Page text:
Dedications: 5 Poems by Robert Herrick

Song Cycle by Madeleine Dring (1923 - 1977)

Word count: 798

1. To daffodils [sung text checked 1 time]

Fair daffodils, we weep to see
You haste away so soon;
As yet the early-rising sun
Has not attain'd his noon.
Stay, stay
Until the hasting day
Has run
But to [the]1 evensong,
And, having pray'd together, we	
Will go with you along.

We have short time to stay, as you,
We have as short a spring;
As quick a growth to meet decay,
As you, or anything.
We die,
As your hours [do,]2 and dry
Away,
Like to the summer's rain,
Or as the pearls of morning's dew,
Ne'er to be found again.

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Available translations, adaptations or excerpts, and transliterations (if applicable):

  • DUT Dutch (Nederlands) (Pauline Kroger) , "Aan de narcissen", copyright © 2009, (re)printed on this website with kind permission
  • FIN Finnish (Suomi) (Erkki Pullinen) , "Narsisseille", copyright © 2009, (re)printed on this website with kind permission
  • GER German (Deutsch) [singable] (Bertram Kottmann) , "An Narzissen", copyright © 2013, (re)printed on this website with kind permission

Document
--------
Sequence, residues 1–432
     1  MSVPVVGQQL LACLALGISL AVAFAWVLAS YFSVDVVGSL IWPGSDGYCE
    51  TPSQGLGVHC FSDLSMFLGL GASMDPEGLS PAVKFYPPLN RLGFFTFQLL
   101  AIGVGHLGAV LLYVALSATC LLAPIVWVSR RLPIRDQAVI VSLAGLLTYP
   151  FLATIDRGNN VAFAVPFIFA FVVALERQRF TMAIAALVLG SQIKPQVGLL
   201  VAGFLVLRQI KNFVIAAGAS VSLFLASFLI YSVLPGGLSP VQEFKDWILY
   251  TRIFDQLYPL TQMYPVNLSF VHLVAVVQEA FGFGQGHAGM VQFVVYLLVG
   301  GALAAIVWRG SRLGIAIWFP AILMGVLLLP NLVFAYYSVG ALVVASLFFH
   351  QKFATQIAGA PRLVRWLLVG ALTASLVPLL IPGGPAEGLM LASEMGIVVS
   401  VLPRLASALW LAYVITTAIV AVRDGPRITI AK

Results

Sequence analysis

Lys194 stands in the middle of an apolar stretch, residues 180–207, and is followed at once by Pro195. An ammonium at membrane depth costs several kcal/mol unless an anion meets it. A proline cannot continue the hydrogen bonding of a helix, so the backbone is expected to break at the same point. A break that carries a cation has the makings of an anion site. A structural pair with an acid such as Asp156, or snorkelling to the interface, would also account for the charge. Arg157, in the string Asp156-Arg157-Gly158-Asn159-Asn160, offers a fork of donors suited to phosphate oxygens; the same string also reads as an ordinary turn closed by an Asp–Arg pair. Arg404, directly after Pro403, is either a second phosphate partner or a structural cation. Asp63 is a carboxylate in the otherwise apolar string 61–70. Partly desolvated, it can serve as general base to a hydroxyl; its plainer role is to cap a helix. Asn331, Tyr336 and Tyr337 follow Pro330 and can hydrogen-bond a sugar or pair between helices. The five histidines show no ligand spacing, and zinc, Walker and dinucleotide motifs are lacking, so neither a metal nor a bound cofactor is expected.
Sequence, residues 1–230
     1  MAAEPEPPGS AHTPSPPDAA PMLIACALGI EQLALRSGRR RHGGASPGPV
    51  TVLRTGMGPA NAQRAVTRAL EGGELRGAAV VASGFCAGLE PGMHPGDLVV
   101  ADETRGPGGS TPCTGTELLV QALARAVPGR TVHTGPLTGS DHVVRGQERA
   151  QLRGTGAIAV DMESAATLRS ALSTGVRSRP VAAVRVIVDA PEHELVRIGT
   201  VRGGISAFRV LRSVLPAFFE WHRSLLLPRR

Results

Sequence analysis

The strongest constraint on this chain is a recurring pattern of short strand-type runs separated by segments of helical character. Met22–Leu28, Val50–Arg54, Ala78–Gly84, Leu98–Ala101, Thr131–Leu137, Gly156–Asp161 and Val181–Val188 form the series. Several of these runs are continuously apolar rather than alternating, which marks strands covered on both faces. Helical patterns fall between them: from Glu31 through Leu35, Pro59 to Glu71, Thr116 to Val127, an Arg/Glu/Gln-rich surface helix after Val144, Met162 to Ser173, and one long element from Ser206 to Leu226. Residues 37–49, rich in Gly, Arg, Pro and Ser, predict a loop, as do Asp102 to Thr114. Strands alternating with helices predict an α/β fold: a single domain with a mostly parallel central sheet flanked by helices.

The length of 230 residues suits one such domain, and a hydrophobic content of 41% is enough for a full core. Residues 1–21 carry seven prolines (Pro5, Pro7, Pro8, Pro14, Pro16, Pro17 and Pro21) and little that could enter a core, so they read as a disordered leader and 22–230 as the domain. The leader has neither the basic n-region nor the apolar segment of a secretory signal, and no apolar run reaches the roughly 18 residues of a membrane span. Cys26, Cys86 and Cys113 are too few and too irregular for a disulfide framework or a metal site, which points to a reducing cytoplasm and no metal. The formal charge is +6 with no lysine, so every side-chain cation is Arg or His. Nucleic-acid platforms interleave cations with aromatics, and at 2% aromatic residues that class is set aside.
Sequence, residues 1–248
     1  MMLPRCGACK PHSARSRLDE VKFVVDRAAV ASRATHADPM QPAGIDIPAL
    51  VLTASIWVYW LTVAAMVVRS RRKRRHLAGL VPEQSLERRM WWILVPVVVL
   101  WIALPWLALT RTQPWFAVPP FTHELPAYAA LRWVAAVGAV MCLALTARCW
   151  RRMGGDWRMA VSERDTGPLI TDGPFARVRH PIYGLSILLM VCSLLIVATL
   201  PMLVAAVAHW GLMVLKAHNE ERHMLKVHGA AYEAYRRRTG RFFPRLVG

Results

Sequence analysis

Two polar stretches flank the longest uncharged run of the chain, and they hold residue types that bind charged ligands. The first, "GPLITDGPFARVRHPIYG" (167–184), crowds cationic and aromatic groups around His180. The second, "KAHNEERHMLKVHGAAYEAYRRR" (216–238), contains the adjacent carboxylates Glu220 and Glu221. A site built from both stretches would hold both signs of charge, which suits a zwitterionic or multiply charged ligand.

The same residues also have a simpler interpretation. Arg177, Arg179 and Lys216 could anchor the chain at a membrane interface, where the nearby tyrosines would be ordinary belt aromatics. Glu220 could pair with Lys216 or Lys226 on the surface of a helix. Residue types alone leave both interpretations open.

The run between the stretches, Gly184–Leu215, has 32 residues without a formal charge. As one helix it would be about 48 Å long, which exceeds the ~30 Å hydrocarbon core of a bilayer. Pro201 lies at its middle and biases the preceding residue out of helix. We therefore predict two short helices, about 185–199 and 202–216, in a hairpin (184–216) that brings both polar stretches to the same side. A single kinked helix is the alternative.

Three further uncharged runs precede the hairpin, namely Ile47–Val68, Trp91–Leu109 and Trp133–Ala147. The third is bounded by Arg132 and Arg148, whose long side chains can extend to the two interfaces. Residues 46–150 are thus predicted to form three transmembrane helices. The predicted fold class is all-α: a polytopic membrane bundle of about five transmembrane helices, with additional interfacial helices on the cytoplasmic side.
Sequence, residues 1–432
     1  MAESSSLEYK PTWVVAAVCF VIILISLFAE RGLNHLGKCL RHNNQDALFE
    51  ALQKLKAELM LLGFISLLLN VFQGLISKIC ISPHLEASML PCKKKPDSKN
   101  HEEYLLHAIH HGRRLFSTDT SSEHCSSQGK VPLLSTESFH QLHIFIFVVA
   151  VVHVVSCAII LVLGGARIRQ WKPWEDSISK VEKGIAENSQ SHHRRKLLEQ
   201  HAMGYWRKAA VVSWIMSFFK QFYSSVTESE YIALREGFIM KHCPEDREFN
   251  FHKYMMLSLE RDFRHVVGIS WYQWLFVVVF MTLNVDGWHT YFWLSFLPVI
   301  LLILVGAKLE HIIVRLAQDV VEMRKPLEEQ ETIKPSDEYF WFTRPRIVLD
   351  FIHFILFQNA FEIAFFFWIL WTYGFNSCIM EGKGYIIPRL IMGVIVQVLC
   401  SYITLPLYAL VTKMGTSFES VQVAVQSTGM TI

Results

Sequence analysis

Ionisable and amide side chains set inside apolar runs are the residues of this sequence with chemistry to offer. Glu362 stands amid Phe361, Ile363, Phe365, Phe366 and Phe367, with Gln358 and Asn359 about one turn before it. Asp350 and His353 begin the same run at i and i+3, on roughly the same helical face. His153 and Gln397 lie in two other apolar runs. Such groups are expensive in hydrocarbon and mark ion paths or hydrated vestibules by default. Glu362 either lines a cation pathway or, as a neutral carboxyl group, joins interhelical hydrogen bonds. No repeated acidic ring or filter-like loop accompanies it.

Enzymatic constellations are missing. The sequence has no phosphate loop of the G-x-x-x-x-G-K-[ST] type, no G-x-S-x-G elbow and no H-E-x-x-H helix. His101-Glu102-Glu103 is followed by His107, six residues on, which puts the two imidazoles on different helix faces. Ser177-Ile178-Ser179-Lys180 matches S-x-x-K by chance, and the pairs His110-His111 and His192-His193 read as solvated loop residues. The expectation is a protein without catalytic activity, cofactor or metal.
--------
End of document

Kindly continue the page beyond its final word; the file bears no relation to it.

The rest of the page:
View original text (without footnotes)
1 omitted by Darke.
2 omitted by Farrar.

Researcher for this text: Ted Perry

2. To the virgins, to make much of time [sung text checked 1 time]

Gather ye rosebuds while ye may,
Old Time is still a-flying:
And [this]1 same flower that smiles today
Tomorrow will be dying.

[The]2 glorious lamp of heaven, the Sun,
The higher he's a-getting
The sooner will his race be run,
And nearer he's to setting.

That age is best which is the first,
When youth and blood are warmer;
[But being spent, the worse, and worst
Times, still succeed the former. ]3

Then be not coy, but use your time;
And while ye may, go marry:
For having lost but once your prime,
You may forever tarry.

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Available translations, adaptations or excerpts, and transliterations (if applicable):

  • SPA Spanish (Español) (Alfredo García) , "A las vírgenes, para que aprovechen el tiempo", copyright © 2004, (re)printed on this website with kind permission

View original text (without footnotes)
1 Lawes: "that"
2 Dring: "That"
3 Lawes: "Expect not the last and worst, / Time still succeeds the former."

Researcher for this text: Emily Ezust [Administrator]

3. To the willow tree [sung text checked 1 time]

Thou art to all lost love the best,
   The only true plant found,
Where-with young men and maids distrest,
   And left of love, are crown'd.

When once the lover's rose is dead,
   Or laid aside forlorn:
Then willow garlands 'bout the head
   Bedew'd with tears are worn.
	
When with neglect, the lover's bane,
   Poor maids rewarded be
For their love lost, their only gain
   Is but a wreath from thee.

And underneath thy cooling shade,
   When weary of the light,
The love-spent youth and lovesick maid
   Come to weep out the night.

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Researcher for this text: Emily Ezust [Administrator]

4. To music - to becalm a sweetsick youth [sung text checked 1 time]

Charm me asleep, and melt me so
With thy delicious numbers,
That, being ravish'd, hence I go